When Busy Leads to Block

I had an idea for my post this week, and came to work this morning thinking it would be relatively easy to get the words on the page (type the letters on the screen). I’m working on revisions right now for a chapter for a book about service and identity in academic librarianship and, somewhat ironically, I have a heavier-than-usual college service commitment this semester. I’m super, super, super busy, and have service on my mind, so I thought I’d write a few paragraphs about service outside the library and how that impacts my work inside the library.

Except that whoops, I’ve already done a lot of writing about service here, apparently: this post from almost a decade (!) ago, and another from a couple of years later, and one even more recently after I’d taken my current position a director. Between those posts and the chapter I’m working on, I think I’m fresh out of service-related ideas for this post.

So what now? What do we do with blogger’s block? Perhaps less formal than writer’s block, blogger’s block is most definitely A Real Thing, and I’d guess many folks suffer from it from time to time. I’ve tried various strategies to counter my bouts of blogger’s block in the past:

  • Reading! This is old faithful advice that I’ve found usually works: the more I read, the more I find to write about. I (still!) have an RSS feed of library and higher ed blogs that I follow, and I try to keep up with library and higher ed news media as well.
  • Twitter! Melissa’s post last week was a great primer on the benefits of Twitter, where there’s a robust library and higher ed community sharing and discussing information and news. Despite the very real problems with the platform, I’ve stayed on Twitter because I do find value in being able to interact with friends and colleagues, and to listen and learn from librarians, academics, and others.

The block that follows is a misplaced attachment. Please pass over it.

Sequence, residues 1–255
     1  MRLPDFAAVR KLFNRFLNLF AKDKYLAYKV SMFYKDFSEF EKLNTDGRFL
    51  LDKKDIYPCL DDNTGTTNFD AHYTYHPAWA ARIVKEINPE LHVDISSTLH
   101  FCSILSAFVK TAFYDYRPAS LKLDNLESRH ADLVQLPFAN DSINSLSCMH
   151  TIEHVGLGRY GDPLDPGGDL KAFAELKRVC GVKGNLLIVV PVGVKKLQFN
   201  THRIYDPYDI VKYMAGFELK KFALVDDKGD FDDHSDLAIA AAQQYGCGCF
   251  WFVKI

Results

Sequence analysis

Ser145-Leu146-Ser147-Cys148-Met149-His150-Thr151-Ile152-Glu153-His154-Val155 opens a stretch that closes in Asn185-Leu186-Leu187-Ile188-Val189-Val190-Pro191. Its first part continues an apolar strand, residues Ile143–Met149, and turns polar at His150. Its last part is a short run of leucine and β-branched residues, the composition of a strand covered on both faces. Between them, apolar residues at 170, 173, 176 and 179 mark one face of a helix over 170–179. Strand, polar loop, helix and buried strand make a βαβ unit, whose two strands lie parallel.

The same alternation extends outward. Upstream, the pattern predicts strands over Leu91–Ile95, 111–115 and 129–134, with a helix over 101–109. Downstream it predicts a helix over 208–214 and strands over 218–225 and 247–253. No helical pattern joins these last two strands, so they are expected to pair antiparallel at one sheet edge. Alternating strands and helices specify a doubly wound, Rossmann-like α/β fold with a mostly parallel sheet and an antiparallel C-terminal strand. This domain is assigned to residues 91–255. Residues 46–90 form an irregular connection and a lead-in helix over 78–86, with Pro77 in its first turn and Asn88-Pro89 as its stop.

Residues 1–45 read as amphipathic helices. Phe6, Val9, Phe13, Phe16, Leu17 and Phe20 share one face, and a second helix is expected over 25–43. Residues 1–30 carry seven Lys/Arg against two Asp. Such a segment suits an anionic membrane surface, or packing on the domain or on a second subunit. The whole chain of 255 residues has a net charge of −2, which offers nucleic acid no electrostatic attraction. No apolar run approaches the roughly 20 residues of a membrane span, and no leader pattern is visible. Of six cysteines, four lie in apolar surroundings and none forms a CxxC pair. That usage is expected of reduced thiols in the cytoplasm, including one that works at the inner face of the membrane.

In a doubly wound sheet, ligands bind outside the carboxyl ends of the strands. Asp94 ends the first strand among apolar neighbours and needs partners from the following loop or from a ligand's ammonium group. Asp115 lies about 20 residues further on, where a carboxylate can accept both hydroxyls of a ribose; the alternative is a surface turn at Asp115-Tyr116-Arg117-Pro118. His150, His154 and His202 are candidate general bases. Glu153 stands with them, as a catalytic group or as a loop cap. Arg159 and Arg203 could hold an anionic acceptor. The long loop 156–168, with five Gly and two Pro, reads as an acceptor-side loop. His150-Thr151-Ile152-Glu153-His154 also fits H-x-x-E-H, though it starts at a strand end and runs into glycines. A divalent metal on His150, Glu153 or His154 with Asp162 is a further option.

• Research! Often there are aspects of whatever research projects I’m working on that can serve as inspiration for blog posts. I’ve also found that blogging about my research can be useful as a way to work out my initial thoughts and ideas before sharing results in a more formal way at conferences or in publications.
  • A List! I’ve sometimes kept a list of possible topic ideas, many of them half-baked (if that!), and returned to the list periodically to see if anything catches my eye. This strategy works best for ideas that are less time-sensitive (says the person who is just realizing that she hasn’t looked at her list in a while).
  • Work Stuff! Not unexpectedly, the main source of inspiration for my posts here at ACRLog is what’s happening in my job (and associated work responsibilities). Similar to research, sometimes blogging about job-related ideas, questions, or concerns is useful for figuring them out, and I’ve gotten lots of great suggestions from commenters as well.

Right now I think my main problem is that I’ve been too busy to rely on my usual strategies, unfortunately. But listing them out here reminds me that they exist (because my busy brain has a hard time remembering that), so I’ll for sure be in much better shape when it’s time to write my next blog post.

Author: Maura Smale

Maura Smale is Chief Librarian at New York City College of Technology, City University of New York.

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